Last week, we caught up with Rep. Jacky Rosen (D-Henderson) here in Southern Nevada after Governor Brian Sandoval (R) cut an ad for Senator Dean Heller that omitted one of Sandoval’s (and President Barack Obama’s) biggest accomplishments. Today, Heller cast a key vote to undermine such an accomplishment, even as it’s become such a central issue in this year’s campaign.
So what was today’s health care vote about, and what might it mean for health insurance going forward?
Remember all the talk of “junk insurance”? That’s what was decided by today’s Senate vote.
Over the summer, Senator Tammy Baldwin (D-Wisconsin) introduced a bill to stop President Donald Trump’s new rule that expands access to short-term, limited-coverage health insurance plans (or “junk insurance”) from going into effect. While these “junk insurance” plans tend to be cheaper than the insurance plans offered on the Affordable Care Act (ACA, or Obamacare) exchanges, they often don’t offer essential health benefits (like prescription drug coverage and preventive care) and don’t cover pre-existing conditions. Essentially, they’re like those cheap car insurance plans that look like a good deal until a driver is in need of help (and can’t obtain any under one of those cheap plans).
At Touro Health Center in Henderson last Wednesday, Rep. Jacky Rosen drew a contrast between her support for keeping the ACA’s patient protections wholly intact and Senator Dean Heller’s support for Trump’s rule to allow insurers to offer “junk” plans that exclude such protections. According to Rosen, “Those short-term plans are a farce [and] a charade being played on regular Americans. Those short-term plans are junk plans.”
Earlier today, Heller voted with 49 other Republicans against Baldwin’s bill while Senator Susan Collins (R-Maine) joined Senator Catherine Cortez Masto (D) and all other Democrats to overturn Trump’s “junk insurance” rule. As a result, Trump won’t have to worry about following through on his veto threat and his new rule will allow more of these “junk insurance” plans to enter the market.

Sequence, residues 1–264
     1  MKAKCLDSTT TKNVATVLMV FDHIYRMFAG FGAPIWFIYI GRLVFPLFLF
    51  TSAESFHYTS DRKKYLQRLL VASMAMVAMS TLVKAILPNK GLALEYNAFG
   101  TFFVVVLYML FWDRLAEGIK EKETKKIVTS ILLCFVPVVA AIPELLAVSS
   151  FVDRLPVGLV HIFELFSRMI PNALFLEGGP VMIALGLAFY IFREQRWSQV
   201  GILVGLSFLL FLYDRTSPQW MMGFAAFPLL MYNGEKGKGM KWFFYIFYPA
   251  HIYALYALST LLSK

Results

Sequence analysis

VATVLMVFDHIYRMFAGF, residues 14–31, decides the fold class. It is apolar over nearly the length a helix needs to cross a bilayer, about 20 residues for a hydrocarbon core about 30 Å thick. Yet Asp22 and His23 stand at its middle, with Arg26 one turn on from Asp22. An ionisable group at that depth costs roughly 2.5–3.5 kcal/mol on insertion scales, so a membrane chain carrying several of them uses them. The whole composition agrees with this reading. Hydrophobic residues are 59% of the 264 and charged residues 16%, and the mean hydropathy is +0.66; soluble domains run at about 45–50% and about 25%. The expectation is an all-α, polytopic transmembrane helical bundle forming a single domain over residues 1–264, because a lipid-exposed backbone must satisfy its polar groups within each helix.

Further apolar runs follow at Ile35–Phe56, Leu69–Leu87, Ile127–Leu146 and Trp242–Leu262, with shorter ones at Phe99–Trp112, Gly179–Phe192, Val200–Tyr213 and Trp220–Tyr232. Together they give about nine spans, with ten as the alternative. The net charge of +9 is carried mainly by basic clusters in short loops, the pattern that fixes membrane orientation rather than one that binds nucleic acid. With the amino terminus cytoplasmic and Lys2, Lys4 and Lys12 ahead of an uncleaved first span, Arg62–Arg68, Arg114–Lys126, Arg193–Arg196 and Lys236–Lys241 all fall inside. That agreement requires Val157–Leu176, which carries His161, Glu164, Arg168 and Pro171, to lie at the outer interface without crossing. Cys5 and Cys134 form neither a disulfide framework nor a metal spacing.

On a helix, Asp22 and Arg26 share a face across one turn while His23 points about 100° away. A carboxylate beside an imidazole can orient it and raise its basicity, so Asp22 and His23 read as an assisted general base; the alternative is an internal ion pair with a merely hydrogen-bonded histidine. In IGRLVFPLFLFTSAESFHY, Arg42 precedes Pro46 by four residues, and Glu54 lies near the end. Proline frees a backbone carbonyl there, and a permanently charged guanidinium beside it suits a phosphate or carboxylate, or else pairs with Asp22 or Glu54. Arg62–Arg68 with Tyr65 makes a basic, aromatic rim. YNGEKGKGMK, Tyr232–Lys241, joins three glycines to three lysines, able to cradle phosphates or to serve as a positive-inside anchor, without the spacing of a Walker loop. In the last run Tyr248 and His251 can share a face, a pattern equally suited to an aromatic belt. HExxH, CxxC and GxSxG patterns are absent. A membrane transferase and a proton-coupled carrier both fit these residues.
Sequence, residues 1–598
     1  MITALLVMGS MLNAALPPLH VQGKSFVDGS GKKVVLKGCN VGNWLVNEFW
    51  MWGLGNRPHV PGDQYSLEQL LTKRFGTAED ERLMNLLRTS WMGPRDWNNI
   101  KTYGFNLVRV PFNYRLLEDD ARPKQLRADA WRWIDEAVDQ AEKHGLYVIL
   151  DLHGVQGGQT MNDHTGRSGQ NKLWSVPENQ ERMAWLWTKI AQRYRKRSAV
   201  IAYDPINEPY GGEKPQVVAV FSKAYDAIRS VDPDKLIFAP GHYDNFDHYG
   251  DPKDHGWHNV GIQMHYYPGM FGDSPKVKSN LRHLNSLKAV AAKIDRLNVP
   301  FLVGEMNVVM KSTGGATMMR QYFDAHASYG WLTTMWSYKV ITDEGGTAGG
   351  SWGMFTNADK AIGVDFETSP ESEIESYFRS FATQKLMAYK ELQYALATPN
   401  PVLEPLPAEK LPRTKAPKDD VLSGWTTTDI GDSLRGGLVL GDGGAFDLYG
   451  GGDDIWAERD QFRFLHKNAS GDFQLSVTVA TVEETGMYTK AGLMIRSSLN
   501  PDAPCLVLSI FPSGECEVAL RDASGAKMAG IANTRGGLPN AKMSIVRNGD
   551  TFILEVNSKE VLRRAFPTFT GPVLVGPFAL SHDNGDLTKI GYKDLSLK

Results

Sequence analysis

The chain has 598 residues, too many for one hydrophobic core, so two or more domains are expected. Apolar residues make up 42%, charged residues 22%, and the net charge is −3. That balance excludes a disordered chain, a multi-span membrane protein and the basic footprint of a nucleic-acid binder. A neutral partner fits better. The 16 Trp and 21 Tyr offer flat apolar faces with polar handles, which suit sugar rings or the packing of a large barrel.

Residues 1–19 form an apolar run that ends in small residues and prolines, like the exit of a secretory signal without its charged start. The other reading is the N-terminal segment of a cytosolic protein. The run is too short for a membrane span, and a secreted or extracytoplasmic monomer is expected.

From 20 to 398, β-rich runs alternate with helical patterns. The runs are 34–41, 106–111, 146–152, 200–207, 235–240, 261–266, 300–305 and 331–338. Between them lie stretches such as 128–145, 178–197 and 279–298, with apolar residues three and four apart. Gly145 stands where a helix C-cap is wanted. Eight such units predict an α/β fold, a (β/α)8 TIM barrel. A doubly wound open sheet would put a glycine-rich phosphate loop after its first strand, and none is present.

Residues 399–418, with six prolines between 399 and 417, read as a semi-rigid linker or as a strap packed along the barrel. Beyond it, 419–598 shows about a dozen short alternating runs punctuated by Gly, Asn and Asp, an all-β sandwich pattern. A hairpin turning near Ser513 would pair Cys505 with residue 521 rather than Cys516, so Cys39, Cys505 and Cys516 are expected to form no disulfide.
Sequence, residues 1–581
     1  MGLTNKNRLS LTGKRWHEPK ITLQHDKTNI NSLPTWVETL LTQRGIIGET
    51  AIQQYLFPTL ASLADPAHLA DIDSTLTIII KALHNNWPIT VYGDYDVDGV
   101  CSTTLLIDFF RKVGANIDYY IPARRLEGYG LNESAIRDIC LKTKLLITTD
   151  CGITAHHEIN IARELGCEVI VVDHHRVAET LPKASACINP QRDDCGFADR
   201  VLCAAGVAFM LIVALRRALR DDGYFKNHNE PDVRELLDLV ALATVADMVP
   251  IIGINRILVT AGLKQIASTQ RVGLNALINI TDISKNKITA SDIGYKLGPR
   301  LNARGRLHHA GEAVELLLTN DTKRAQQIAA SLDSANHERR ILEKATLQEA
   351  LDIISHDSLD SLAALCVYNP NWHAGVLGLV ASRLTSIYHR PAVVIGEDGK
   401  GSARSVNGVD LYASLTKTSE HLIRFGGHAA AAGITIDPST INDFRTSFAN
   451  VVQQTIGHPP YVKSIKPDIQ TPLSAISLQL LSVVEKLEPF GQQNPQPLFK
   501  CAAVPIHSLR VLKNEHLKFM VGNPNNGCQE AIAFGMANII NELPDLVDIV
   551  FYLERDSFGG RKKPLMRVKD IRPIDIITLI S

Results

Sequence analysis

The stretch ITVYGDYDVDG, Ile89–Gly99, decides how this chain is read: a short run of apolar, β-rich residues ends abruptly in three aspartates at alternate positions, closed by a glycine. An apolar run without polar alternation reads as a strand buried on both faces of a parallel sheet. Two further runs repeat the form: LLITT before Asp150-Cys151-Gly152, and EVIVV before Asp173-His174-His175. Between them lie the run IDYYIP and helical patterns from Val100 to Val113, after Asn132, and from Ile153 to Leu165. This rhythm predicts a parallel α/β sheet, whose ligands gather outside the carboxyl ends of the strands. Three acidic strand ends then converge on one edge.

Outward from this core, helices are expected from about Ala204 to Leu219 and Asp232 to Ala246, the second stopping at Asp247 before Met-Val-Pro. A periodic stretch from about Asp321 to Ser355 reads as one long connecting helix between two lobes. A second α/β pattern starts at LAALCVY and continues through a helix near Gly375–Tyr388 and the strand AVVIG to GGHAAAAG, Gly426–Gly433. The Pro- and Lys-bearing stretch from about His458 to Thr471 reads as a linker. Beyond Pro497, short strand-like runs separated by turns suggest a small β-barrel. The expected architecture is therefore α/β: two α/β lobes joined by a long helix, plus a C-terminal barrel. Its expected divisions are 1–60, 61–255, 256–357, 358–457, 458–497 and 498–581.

How does this vote fit into all the rhetoric on the campaign trail?
Throughout this year, Heller has claimed that he wants to maintain protections for pre-existing conditions. He even introduced a bill he claimed would do so, even though experts have pointed out that the bill doesn’t actually offer the same protections for patients with pre-existing conditions that the ACA does. And even though the White House and Senate Republican leaders are framing the new rule as “expanding access to affordable health insurance”, they don’t talk about how insurers who offer these plans are allowed to charge patients higher rates if they have pre-existing conditions, deny coverage outright to such patients, and offer fewer benefits to those they do agree to cover.
So while today’s Senate vote means there will be no change to the White House’s executive actions on health care, Republicans (including Heller) did just give Democrats (such as Rosen) a roll call vote to point out next time anyone asks about health care and pre-existing conditions. In essence, this confirms that no health care policy will probably change in the next month, but the politics of health care is once again front and center in the final days of this election year.